This October, on each Saturday morning of the month, a small group of us met together to explore our creativity and self expression through mark making and painting. The four workshops were held in The Ark, a small personal studio space in Berkhamsted.
Picasso was believed to have said, ‘Every child is an artist. The problem is how to remain an artist once we grow up’! So with Charlotte Wright as guide, the Companions, and one participant who wanted to walk alongside CF friends, set out together to explore the process and challenges of making and creating. Charlotte started each session by sharing some of her understanding about the psychological process of creativity, offering her experience and insight as to how it can impact the way we think and feel about what we make, about how we might see our creations.
Our first artwork was drawing together on a large piece of paper, covering the length of the table we were working on, focusing on our own mark-making. We all used charcoal. Our next creation was also in charcoal, again on a shared paper, but this time introducing rhythms of light and dark. We used erasers, adding areas of light by rubbing out the black charcoal.
Then we started to paint individually, using acrylics on paper and a small palette of four colours plus white. It involved colour mixing and discovering the tones of colour that could be made. We carried in mind the idea of horizon, with the intention of painting the paler tints above the skyline and the darker shades below, although the interpretations were very varied and individual!
For our third making, we experimented with layering. We had the phrase ‘Setting free into promise’ as our inspiration. First we painted two free-style paintings in watercolour. When they were dry we superimposed another layer, on one using chalk pastel and on the other oil pastel. The results were interesting, even surprising.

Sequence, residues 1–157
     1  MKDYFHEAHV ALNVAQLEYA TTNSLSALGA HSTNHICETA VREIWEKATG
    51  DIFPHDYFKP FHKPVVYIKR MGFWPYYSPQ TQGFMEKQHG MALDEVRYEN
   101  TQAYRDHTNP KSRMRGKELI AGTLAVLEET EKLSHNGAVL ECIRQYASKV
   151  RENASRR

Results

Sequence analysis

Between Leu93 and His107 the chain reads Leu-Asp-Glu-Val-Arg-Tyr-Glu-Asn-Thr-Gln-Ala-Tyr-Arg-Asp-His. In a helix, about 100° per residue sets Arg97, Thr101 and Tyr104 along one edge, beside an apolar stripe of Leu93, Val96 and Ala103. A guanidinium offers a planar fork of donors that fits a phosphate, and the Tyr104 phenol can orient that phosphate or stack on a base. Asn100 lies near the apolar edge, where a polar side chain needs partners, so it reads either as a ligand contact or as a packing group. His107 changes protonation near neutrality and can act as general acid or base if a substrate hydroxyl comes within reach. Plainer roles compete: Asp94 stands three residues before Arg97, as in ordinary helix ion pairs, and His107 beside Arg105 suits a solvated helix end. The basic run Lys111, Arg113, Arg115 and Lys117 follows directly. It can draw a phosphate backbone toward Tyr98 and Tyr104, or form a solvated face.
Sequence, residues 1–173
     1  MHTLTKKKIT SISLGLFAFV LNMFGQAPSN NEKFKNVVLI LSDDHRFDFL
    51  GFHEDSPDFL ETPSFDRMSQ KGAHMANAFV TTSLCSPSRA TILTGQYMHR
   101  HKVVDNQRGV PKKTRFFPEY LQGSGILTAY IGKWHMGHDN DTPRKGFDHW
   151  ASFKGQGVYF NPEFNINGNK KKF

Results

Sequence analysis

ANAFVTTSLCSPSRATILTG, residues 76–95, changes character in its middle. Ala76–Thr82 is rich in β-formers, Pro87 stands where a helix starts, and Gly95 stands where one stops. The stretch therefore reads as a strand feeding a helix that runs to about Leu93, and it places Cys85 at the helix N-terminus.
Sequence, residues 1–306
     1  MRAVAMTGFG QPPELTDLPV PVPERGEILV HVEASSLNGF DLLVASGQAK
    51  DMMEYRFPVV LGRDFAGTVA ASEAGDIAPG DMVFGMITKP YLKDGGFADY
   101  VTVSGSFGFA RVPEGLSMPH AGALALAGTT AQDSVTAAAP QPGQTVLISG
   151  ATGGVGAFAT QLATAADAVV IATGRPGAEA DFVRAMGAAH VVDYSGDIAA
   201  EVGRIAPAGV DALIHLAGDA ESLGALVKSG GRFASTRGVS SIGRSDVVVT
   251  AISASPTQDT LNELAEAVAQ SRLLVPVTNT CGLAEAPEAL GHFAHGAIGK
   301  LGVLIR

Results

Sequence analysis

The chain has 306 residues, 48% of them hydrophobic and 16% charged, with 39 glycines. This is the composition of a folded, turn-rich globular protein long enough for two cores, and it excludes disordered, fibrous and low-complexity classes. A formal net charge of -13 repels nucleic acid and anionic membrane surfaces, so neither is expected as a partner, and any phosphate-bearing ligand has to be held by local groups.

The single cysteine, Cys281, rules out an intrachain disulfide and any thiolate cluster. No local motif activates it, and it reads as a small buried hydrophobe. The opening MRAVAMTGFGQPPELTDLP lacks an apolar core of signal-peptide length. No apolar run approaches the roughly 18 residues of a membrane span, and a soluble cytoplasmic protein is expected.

Finally, for our last time together, we used larger sheets of paper with mixed media, all the mediums we had used so far and a few more including gouache and neocolours. This time our inspiration was a quote from a Rumi poem, ‘You are the Sea of fire; we, your foam flaming, falling with each wave…’ Our creations can be seen in the accompanying photos.
Although we knew the focus for these workshops was finding expression for our creativity, we realised that they had equally been about meeting together, about our willingness to be open with one another, about sharing our thoughts and at moments our vulnerability. The smallness of our group created a safe space and a place of trust. Each of us has explored how playfulness and acceptance of what ‘comes’, (even if at times it is accompanied by frustration and not liking what ‘comes’!) can help us towards a better understanding of our creative, inner-child self. Here are some of our reflections.
If our God is Creator God, then to release that creativity is to allow something of that Divine nature to exist within us. That is a very deep and scary thought!
The results at the end of each morning were interesting and surprising. We valued each other and through that value, we learnt to value our own contributions.
October was a wonderful month-full of Autumn colour and promise. I went home to buy paper and pastels and watercolours and know that I have been started on a long and exciting journey.
For me, these four mornings were an exercise in taking me out of my comfort zone!
‘Making marks’ and ‘layering’ were so antithetical to my own nature and expectations, yet proved to be a fascinating journey, against the grain, even if I didn’t like my end results!
Charlotte says: I was aware that I was taking friends into unknown territory and was humbled by their trust as they explored and experimented with me to find new ways forward into their creativity.